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PUBLISHED: 4:48 PM on Tuesday, August 22, 2006
Middle school presents new challenges, problems
The middle school years can be tough for even the best of students.

"Children are going through adolescence and puberty, and they are experiencing changes at school," said Dr. Lou Ann Todd Mock, a psychologist at Baylor College of Medicine in Houston.

The nurturing environment of elementary school is a dramatic contrast to the middle school, or junior high. There will be a world of class changes, increased discipline, larger student bodies and fewer personal relationships with teachers.

All this change tends to intensify any existing behavior problems.

"Conduct problems may increase, and the larger school often makes it easier to skip class," Mock said. "Children who have been depressed or withdrawn may become more so."

Mock urges parents to be aware of the following events common to middle school:

• Peer groups begin to exert tremendous pull.

• Independence is shown in clothing and hairstyles.

• Grades can fluctuate at the start of school due to new class routines.

• Identity questions arise -- who am I? what am I going to be?

• Substance abuse becomes more prevalent.

• Sexual identity and sexual activity become issues.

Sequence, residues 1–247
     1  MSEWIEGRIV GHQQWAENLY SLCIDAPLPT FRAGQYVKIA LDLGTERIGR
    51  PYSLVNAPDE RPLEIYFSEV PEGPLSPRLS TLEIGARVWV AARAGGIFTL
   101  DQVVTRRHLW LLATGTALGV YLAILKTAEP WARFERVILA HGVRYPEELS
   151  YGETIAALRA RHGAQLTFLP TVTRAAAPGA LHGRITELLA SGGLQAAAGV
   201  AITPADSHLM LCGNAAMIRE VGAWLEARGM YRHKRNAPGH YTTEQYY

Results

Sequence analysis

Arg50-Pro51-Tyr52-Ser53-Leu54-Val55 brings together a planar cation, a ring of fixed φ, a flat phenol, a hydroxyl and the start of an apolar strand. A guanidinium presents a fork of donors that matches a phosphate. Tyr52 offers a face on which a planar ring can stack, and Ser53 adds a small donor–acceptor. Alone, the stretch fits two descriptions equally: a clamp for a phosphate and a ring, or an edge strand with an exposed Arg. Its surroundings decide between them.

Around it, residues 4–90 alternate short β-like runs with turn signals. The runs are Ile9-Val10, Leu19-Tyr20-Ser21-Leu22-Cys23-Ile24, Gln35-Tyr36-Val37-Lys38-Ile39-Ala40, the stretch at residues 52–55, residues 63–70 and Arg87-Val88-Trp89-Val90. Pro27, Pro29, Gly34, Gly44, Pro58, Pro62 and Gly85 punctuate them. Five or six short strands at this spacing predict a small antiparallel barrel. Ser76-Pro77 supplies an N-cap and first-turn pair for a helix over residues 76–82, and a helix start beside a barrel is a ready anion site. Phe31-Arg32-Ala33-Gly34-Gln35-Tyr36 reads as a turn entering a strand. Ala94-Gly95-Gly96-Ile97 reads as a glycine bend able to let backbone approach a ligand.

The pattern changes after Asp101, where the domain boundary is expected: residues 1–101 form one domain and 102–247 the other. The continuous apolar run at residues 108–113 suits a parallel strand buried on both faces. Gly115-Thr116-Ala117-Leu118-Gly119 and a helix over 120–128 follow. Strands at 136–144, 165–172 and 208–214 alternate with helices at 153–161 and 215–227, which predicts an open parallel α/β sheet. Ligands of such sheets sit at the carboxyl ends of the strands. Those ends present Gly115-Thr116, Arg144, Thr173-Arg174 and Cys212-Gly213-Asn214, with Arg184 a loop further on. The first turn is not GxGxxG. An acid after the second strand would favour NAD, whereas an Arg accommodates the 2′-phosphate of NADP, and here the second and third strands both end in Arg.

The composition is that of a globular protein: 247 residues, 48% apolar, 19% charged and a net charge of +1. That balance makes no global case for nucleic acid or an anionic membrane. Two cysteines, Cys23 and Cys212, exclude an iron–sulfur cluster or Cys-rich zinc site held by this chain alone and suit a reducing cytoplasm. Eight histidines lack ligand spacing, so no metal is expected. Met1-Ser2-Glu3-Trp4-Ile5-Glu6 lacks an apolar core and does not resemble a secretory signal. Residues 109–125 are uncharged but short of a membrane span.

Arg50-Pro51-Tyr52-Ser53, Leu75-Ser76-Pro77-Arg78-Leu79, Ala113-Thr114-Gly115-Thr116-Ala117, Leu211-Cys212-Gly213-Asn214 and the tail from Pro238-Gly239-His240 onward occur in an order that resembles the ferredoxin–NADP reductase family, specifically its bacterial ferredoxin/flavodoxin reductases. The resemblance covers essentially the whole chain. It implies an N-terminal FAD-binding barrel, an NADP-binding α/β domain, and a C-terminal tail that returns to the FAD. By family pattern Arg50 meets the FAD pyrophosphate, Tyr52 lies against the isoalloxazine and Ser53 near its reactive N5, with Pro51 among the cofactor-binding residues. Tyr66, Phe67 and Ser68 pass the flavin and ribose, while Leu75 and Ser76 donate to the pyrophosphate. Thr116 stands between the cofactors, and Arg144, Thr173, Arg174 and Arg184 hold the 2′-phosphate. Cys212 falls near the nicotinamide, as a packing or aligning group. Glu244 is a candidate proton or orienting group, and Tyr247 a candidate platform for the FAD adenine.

"This also is the time when children become terminally embarrassed by their parents," Mock said.

"Wise parents understand that and do not take it too personally."

She suggests that parents help bridge the gap between elementary and middle school by being aware of and willing to talk about the additional stresses their child is facing.

"Communication is vitally important during the next few years," Mock said.

"Remain non-judgmental, non-critical and available. Your goal is to raise a child who is independent but can also feel comfortable talking to you."

Parental involvement at school can be a positive influence, as can a child's involvement in after-school activities.

"Be supportive of any interest your child shows in developing a talent or skill," Mock said.

"These activities provide your child with a supportive and positive peer group."

Focusing on the positives is another key to surviving this often-confusing time.

"Work toward an encouraging environment at home," Mock said. "When discussing some needed change, let your children know that you still think they are wonderful. Even as they try their wings, your approval and support remain important."


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